Vienna Travel Guide
The Tanzschule Elmayer Dance School was established in 1919 by Willy Elmayer von Vestenbrugg, a former officer of the Austrian Imperial Army.
This Neoclassical style palace-turned-art museum was built in 1744. Twenty-one Habsburg staterooms, such as the Hall of the Muses, are decorated with Albertina Gold, which is gold leaf made with a blend of gold, copper, and silver alloys.
A prominent tourist attraction in Schlosspark since the 1960's, the former summer residence of the Hapsburgs is a true Baroque palace. Within its lacquered and gilded walls are 1,441 rooms filled with priceless artifacts of Austria's longest reigning royal family.
Stick to the northern end for farmer produce and fancy offerings, including Gegenbauer, with casks of homemade oils and vinegars, and Alles Seife’s handmade soap.
The confectionary-bakery’s specialties (such as rhubarb strudel) have been served for 200 years.
Situated on the sixth floor of the Do & Co Hotel, the space has windows about 30 feet high looking straight across Stephansplatz at the tiled roof and towers of the Gothic St. Stephen's Cathedral.
Named after one of Europe's oldest noble families, Palais Liechtenstein is home to a vast, private art collection that spans six centuries. The Princely Collections contains priceless sculptures, paintings, porcelain, and furniture and is considered to be one of the world's most significant.
One of the world's smallest bars, American Bar resides in none other than central Vienna. After a visit to the United States, legendary architect Adolf Loos was inspired to design the tiny bar, which opened in the early 1900's as a private men's club.
What to Expect:Vienna's venerable Christkindlmarkt on Rathausplatz flings open its stall shutters in mid-November, and three million visitors flock here each year for beeswax candles, wooden toys, and glass ornaments.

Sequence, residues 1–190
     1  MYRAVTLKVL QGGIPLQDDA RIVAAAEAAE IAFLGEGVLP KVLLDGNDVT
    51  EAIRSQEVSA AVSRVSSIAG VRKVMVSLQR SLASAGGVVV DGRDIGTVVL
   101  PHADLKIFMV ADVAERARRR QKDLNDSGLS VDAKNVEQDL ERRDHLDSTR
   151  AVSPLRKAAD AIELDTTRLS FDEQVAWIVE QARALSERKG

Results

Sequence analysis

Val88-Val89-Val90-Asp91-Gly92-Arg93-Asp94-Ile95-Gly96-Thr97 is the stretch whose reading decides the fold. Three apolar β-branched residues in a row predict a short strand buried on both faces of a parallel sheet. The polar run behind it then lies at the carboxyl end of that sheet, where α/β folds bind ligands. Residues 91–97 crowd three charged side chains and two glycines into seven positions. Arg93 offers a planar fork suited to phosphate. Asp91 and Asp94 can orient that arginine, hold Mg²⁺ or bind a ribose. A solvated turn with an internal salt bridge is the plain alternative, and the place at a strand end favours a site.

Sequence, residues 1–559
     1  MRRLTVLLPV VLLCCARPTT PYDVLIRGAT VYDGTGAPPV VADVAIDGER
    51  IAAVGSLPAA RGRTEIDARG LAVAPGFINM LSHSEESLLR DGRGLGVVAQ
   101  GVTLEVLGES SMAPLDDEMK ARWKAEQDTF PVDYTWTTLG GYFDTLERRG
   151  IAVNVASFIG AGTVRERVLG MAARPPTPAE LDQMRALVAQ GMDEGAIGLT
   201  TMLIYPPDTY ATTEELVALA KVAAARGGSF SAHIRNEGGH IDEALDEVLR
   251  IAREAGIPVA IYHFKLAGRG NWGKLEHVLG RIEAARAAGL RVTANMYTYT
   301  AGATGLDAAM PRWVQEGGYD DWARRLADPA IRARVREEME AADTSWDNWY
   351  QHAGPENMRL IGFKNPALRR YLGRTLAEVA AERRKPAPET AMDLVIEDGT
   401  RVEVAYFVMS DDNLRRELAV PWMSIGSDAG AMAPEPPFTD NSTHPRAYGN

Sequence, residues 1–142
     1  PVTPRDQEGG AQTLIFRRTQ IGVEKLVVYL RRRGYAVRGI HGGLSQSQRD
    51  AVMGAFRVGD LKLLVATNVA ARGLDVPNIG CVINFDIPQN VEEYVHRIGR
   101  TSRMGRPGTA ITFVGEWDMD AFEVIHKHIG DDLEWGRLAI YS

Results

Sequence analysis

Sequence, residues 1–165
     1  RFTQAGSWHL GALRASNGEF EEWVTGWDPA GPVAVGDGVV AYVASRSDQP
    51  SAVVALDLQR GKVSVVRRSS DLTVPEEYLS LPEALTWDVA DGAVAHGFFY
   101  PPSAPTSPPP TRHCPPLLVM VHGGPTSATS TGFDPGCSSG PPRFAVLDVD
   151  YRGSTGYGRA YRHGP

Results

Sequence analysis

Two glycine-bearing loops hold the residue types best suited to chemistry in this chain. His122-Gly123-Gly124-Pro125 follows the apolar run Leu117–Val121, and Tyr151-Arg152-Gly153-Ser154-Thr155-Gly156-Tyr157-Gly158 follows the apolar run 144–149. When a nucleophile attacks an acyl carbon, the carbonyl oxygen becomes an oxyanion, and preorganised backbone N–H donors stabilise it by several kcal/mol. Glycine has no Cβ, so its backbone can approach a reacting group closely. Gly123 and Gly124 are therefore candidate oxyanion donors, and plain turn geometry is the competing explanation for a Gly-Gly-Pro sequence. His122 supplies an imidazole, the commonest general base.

The Austrian Museum of Applied Arts/Contemporary Art focuses on the importance of design, and its holdings include furniture, china, and textiles dating from the Middle Ages to the present day.
Founded in 1692 by court painter Peter Strudl (who would later become Baron of Austria), the Academy of Fine Arts remains one of Vienna's most prestigious schools. Over 900 students attend the academy, where they are immersed in a variety of art disciplines in a research-oriented environment.
Originally commissioned by Emperor Franz Josef I of Austria-Hungary to house the Habsburgs' vast art collection, the Naturhistorisches (Natural History Museum) is one of the most prominent museums in the world. Like its identical twin opposite Maria-Theresien Platz, the Museum of Fine Ar
Located on one of Vienna’s chicest streets, repurposes household and office items into furniture, including lamps made of used celluloid and a funky chaise longue created from old three-ring binders.
Although world famous, the Riesenrad isn't the only thing consistently drawing crowds to Vienna's amusement park.